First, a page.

- School of Mathematics, Science and Technology (SMST).
Fairfax Magnet Center for Visual Arts
Fairfax is home to the Fairfax Magnet Center for Visual Arts, which attracts students from across the 700 square miles (1,800 km2) of the district. It opened in 1981 and is the only visual arts magnet in Los Angeles Unified School District.
In 1995, the Lions Boys Volleyball Team, under the coaching of Steve Cho/Linda Fadler, took the title of All-City Champions, Division 3A.
In 2007, the Lions Boys Basketball Team, under the coaching of Harvey Kitani, took the title of State Champions, Division 1A.
A special edition of the Zoom Lebron IV was produced for the basketball team using the school's colors.
In 2010, the Lions Football Team, under the coaching of Shane Cox, won the CIF Los Angeles City Section Division II championship.
In 2015, the Lions Football Team, under the coaching of Shane Cox, won the CIF Los Angeles City Section Division II championship.
In 2016, the Lions Junior Varsity Football Team, under the coaching of Christopher Carcamo, went undefeated and won the CIF Western League Championship.
In 2007, the Fairfax Marching Lions and Color Guard, under the direction of Raymundo Vizcarra, First Place in the LAUSD Division I Band and Drill Championship 2010. It was the first year in more than 20 years that Fairfax had a band eligible to compete.
Greenway Arts Alliance
Fairfax High School is home to the Greenway Arts Alliance, which operates the Greenway Court Theater, a 99-seat Equity-waiver playhouse, and through the Institute for the Arts at Greenway, provides arts educational programs, mentoring, and employment opportunities to Fairfax students.
Since 1997, the Melrose Trading Post outdoor flea market has created opportunities for Fairfax High School and the surrounding neighborhood. Every Sunday 250+ local vendors, collectors, artisans, and artists gather in the parking lot on the corner of Melrose and Fairfax Avenues to celebrate the thriving community culture. Food vendors and live music round out this weekly local event hosted by the Greenway Arts Alliance. Money raised by this nonprofit organization from the low-cost patron admission and vendor booth fees fuels a thriving arts education program on the FHS campus called, Institute for the Arts at Greenway.
- Byron Allen, talk show host
- Herb Alpert, musician, music industry executive
- David Arquette, actor, film director, producer, screenwriter, and fashion designer
- Michael "Flea" Balzary, musician, bassist, trumpet player (Red Hot Chili Peppers)
- Chris Brown, Former Mayor of Hawthorne, CA
- J. Curtis Counts (1915–1999), Director of the Federal Mediation and Conciliation Service
- Mark Damon, film actor, producer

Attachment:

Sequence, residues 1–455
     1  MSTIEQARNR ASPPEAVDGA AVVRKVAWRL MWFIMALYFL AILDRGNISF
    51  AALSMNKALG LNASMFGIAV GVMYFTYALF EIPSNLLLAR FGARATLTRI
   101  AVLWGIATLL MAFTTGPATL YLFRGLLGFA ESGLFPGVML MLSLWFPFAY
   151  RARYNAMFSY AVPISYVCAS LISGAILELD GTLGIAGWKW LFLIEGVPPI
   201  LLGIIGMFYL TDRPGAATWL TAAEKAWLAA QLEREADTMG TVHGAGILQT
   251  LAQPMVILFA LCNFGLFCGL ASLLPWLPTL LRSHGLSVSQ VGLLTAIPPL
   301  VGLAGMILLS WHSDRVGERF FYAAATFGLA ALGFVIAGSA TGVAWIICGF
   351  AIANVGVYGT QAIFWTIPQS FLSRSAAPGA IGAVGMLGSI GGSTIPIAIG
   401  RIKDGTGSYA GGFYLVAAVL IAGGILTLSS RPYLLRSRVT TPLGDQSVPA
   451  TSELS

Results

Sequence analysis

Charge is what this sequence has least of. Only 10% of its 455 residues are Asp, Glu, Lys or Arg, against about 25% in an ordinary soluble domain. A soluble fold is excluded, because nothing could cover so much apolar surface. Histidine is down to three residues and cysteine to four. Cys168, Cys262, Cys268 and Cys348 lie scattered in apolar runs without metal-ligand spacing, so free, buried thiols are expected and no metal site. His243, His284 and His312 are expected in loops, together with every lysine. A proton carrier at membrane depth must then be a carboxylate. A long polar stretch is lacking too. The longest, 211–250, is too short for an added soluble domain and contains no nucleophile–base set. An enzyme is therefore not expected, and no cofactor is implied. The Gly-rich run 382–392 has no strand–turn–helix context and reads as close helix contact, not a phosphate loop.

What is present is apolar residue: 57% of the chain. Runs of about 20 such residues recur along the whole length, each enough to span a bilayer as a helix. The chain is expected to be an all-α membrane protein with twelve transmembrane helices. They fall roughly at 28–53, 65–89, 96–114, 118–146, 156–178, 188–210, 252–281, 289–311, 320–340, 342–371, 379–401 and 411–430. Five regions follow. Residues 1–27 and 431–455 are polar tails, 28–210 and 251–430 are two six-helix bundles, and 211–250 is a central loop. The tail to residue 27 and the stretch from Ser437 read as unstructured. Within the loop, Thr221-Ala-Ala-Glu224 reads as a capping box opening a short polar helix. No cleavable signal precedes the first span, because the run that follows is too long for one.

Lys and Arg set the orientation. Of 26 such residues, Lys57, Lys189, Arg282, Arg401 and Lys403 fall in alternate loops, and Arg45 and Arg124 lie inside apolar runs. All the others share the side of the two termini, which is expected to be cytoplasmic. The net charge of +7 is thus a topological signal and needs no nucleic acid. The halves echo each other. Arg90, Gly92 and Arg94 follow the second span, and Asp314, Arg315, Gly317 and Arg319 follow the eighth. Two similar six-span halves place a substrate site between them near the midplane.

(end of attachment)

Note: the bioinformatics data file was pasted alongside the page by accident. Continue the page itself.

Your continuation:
- James Ellroy, author, L.A. Confidential
- Mike "SuperJew" Epstein, Major League Baseball player
- Danny Everett, 1988 Olympic gold medalist 4x400 metres relay
- Janet Fitch, author
- Manuel Franco, lawyer and judge from the television shows La Corte del Pueblo and Juez Franco
- Larry Gelbart, Emmy-winning, Oscar-nominated writer/producer, M*A*S*H
- Michele Greene, actress
- Tracii Guns, musician, L.A. Guns
- Az-Zahir Hakim, retired NFL player
- Jerome Hines, opera singer
- Darla Hood, actress, Our Gang
- Timothy Hutton, Oscar-winning actor
- Chanel Iman, model
- Jack Irons, musician, drummer (Red Hot Chili Peppers, Pearl Jam, The Wallflowers)
- Jackie Jackson, musician (Jackson Five)
- Tito Jackson, musician (Jackson Five)
- Rami Jaffee, keyboardist of The Wallflowers
- David Janssen, actor, The Fugitive
- Alain Johannes, musician (Anthym, Eleven)
- Larry Kahn, (NFL) play-by-play announcer, SportsUSA Radio Network
- Jack Kemp, U.S. Representative, 1996 vice-presidential candidate and professional football player
- Anthony Kiedis, musician, singer, writer (Red Hot Chili Peppers)
- Mila Kunis, actress
- Barry Latman, Major League Baseball player
- Alicia Bay Laurel, author, artist, singer
- Jerome "Jerry" Leiber (1933–2011), lyricist of Jerry Leiber and Mike Stoller
- Carole Lombard, Oscar-nominated actress
- Quinn Martin, producer
- Eric Melvin, musician (guitar, accordion) – NOFX
- Chris Mills, retired NBA player, Cleveland Cavaliers, New York Knicks, and Golden State Warriors
- Lee Min-young, singer, As One
- Roger Montgomery, basketball player and sports agent
- Demi Moore, actress (dropped out at age 16)
- Ricardo Montalban, actor, Fantasy Island, Star Trek: The Wrath of Khan
- Baby Peggy, child actor, later author under name Diana Serra Cary; attended in the 1930s.
- Judith Reisman, conservative writer
- Bong Revilla, actor
- Mickey Rooney, iconic Oscar-nominated actor featured in hundreds of Hollywood films
- Ann Rutherford, actress
- Henry Samueli, co-founder of Broadcom
- Allan Sherman, musician, parodist, satirist, and television producer
- Larry Sherry, major league baseball pitcher; MVP of the 1959 World Series
- Norm Sherry, major league baseball player
- Slash, musician, guitarist (Guns N' Roses, Velvet Revolver)
- P. F. Sloan (Philip Schlein) Musician/Songwriter ("Eve of Destruction", "Secret Agent Man") Graduated 1963
- Hillel Slovak, musician, guitarist (Red Hot Chili Peppers)
- Smear (Cristian Gheorghiu), contemporary artist, street artist 
- Craig Smith, basketball player
- Phil Spector, record producer
- Cynthia Szigeti, actress and improv teacher (The Groundlings)
- Peggy Stevenson, Los Angeles City Council member, 1975–85
- Daniel Thompson, inventor
- Karrueche Tran,actress,model
- Marcelo Tubert, actor
- Mel Wasserman, education pioneer, founder of CEDU Education
- Zev Yaroslavsky, Los Angeles City Council member, 1975-1994 and Los Angeles County Supervisor, 1994-2014
- Warren Zevon, musician
- Larry Kahn, (NFL) play-by-play announcer, SportsUSA Radio Network